“Don’t fall in love with me,” Celine blurted without thought. “Nothing good will come of it.”
I gave this one a 4 star review, and I have a sneaking suspicion it’ll be the featured book in my next Fairyloot box, and after reading the eARC I’m looking forward to having a copy in my hands. Especially when the cover is this pretty.
Read me for the…
- 19th Century New Orleans
- Secret vampire society
- An enigmatic love interest
- A take-no-shit main character
- A creepy murder mystery
When seventeen year old Celine Rousseau flees to New Orleans, hiding from a secret that would ruin her life if she were ever to tell it, she finds refuge in New Orleans. It’s 1872, and New Orleans is ruled by the dead, not that Celine knows that just yet. She’s too busy being enamoured by the city’s busy beauty, music and food and parties that she never got to attend herself back in Paris. And far too busy being enamoured by La Cour Des Lions enigmatic and trouble-making leader Sébastien, despite her better judgement. When one of the girls from the convent she’s staying in shows up dead in the lion’s den, Celine struggles to balance her attraction and her suspicion of him. She’s not the first or the last victim, and as it becomes clear that New Orleans is being terrorised by a serial killer with his eyes set on Celine herself, she takes her life in her own hands to uncover the truth about the killer, the man who stole her heart, and the mysterious court that runs the city.
What did I love?
- Celine: Celine is fierce, and takes-no-shit. She wants to do good, but also has to deal with her internalised belief that she’s a ‘murderess’ and the trauma of attempted rape in her very recent past. She feels a little stuck and is very aware of the way that women and POC are treated in 19th Century society. This can be a little jarringly modern, but it also leans into one of Celine’s most interesting characteristics. Celine passes as white with her French father, but her mother was an ‘unspecified race’ that her father didn’t even deem important enough to tell her about. This is a huge part of her life that is completely blocked off to her, and her father has raised her to believe that she can’t tell anyone about her heritage, so she’s learning to shake a lot of entrenched shame about the secrets she’s keeping.
Celine’s relationship with Sébastien is complicated. She spends most of the book conflicted between her attraction to him and her fear that he’s involved in the unravelling murder mystery. He’s nothing like anyone she knows either, rough around the edges and no kind of gentleman, and their interactions are engaging and satisfying for a YA romance sub-plot.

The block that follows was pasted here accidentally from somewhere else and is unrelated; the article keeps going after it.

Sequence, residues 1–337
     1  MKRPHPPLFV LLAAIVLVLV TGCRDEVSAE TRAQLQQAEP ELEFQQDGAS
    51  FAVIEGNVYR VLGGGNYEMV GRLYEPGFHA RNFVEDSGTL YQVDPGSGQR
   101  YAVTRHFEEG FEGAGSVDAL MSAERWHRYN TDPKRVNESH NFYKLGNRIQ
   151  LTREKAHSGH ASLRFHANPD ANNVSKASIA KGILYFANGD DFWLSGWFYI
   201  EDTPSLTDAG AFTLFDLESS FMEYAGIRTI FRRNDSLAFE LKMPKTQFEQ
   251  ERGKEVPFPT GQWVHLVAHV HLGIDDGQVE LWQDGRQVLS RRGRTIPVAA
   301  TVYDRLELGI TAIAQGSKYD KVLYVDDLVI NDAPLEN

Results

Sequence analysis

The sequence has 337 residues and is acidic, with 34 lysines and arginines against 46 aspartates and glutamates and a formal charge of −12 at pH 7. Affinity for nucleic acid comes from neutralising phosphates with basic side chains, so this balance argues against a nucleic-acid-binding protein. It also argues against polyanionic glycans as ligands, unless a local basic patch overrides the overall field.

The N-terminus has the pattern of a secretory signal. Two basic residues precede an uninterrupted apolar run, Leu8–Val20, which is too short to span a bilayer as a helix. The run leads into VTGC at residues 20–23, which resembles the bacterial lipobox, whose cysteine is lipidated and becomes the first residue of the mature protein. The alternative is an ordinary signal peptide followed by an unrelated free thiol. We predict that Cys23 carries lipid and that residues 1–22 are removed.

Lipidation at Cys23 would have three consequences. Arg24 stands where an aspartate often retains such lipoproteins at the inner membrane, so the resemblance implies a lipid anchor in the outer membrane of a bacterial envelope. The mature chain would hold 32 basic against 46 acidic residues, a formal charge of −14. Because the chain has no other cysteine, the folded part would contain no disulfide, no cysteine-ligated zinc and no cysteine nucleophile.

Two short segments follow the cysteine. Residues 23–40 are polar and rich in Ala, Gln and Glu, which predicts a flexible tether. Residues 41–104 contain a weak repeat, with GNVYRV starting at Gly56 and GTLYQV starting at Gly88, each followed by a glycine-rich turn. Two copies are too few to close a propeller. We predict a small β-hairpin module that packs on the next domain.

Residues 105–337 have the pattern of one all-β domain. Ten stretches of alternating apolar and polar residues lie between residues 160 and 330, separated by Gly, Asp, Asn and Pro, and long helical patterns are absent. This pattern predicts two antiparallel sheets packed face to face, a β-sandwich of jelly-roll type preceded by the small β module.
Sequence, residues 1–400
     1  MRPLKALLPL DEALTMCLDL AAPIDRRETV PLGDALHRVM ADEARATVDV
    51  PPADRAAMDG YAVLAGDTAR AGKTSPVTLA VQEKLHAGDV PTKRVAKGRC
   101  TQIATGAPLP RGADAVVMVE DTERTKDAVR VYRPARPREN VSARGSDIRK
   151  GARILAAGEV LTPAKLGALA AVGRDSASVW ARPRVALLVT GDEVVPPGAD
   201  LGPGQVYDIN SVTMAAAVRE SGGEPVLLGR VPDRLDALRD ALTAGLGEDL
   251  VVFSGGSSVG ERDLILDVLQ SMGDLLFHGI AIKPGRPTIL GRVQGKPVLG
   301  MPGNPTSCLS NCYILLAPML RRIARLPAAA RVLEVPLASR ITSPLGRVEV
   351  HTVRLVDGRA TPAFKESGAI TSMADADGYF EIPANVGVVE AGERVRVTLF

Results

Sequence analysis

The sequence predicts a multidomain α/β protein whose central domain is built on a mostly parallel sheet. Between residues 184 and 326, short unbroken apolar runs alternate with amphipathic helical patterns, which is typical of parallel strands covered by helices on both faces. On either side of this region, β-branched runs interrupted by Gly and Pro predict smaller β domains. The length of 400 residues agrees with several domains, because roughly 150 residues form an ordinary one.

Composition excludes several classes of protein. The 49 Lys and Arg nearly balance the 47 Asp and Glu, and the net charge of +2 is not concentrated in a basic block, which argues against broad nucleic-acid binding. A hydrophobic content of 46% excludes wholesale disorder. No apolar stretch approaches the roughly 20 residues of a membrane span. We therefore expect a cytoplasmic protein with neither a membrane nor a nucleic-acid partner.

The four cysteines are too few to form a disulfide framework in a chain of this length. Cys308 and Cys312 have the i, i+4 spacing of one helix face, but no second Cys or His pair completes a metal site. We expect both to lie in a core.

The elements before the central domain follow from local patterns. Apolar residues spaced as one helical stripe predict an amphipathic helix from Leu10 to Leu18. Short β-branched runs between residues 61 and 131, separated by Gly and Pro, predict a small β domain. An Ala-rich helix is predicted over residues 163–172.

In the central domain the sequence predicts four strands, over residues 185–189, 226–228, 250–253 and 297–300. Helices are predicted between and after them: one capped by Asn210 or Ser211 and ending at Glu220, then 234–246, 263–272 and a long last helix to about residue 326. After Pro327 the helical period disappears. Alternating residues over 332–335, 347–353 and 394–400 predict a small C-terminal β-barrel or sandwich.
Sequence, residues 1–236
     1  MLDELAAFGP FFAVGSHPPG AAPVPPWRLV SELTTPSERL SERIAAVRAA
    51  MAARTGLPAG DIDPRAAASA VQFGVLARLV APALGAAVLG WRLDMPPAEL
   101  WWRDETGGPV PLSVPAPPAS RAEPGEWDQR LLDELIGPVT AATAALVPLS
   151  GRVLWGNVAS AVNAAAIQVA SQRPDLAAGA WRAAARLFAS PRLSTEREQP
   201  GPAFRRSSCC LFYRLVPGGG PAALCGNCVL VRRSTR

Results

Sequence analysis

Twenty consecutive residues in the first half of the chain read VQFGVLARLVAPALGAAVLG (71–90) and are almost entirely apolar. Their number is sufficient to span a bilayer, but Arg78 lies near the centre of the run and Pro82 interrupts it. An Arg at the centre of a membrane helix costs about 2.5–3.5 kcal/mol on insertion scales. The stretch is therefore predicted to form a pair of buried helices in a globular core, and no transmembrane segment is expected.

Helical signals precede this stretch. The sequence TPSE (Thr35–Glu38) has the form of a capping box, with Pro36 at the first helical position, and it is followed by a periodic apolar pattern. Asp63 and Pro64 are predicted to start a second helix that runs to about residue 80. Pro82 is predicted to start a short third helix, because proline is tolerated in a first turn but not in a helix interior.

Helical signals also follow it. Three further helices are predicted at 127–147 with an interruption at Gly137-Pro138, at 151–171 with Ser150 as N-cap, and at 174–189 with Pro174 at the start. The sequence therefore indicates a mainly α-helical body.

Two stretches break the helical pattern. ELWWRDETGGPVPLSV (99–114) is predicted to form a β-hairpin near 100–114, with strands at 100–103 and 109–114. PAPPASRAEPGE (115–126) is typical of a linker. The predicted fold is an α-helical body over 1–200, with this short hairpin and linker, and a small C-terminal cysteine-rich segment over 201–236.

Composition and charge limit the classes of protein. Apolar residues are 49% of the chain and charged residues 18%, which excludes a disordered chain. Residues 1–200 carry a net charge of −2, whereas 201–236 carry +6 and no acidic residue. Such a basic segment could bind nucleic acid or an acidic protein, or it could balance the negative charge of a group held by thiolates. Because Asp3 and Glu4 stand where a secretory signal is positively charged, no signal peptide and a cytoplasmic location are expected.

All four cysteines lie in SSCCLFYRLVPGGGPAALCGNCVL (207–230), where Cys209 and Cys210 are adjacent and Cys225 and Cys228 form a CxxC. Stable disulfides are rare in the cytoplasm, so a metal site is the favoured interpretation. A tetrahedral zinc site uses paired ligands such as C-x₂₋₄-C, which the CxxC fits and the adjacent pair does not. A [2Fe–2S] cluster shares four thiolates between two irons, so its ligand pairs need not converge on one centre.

- Odette: Odette is the character that draws Celine into La Cour Des Lions, and I loved her. She’s queer and powerful, a woman in trousers in a world where women shouldn’t even be showing their ankles. She’s also definitely the coolest and the most interesting of the vampires, with a complex characterisation as she’s pulled between her friendships and her Maker. I liked her as a wild and feminist character, threatening to burn all the men and then two pages later swearing never to love anyone more beautiful than herself. I would admit that she sometimes seemed a little too modern. Celine did that too sometimes, but this is a YA novel and I’m willing to overlook that because the experience of reading this was fun and engaging and I was still left wanting more.
- The vampire ‘powers’: The vampires in The Beautiful lean away from the traditional vampire tropes a little, which I like. I’ve read so many vampire novels that it’s nice to see something a little different. I like the idea that different vampires have different powers that can pull from their personality. I do wish that more of the characters in the book had their powers explained, and that links to my only criticism of this book below. Hopefully, the next book will go into this in more depth, because I want to know what everyone’s powers are.
What didn’t I love?
I’m a sucker (ha!) for vampire novels, and I’ll be the first person to admit that I was Twilight obsessed as a teenager (and okay I still love the books and the terrible movies). So when I saw this marketed as 19th Century New Orleans with vampires, I was pumped, but it’s not quite as vampire heavy as I expected. The main characters aren’t vampires, and while a lot of the Court are vampiric, the plot itself isn’t vampire-forward. I probably would have pegged this more as ‘Historical romance meets gothic fantasy meets murder mystery’. Not as snappy, but more accurate. I’m hoping that the sequel gives us a little more vampire action.
Where can I buy?
Waterstones / Amazon / Book Depository (Amazon owned)
As always, if you can please support your local independent booksellers!
6 thoughts on “The Beautiful by Renee Ahdieh (Review)”
Wait, this isn’t a standalone? I swear they have not advertised that fact at all. It’s still going on my TBR, so I guess I’ll have to add the other books too.
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It’s a duology, I think! I want to say the sequel is 2020 but I haven’t seen any release dates so don’t quote me on that! It was a very good read though!
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Oooh cool. I’ll have to keep my eyes peeled for that. Thanks!
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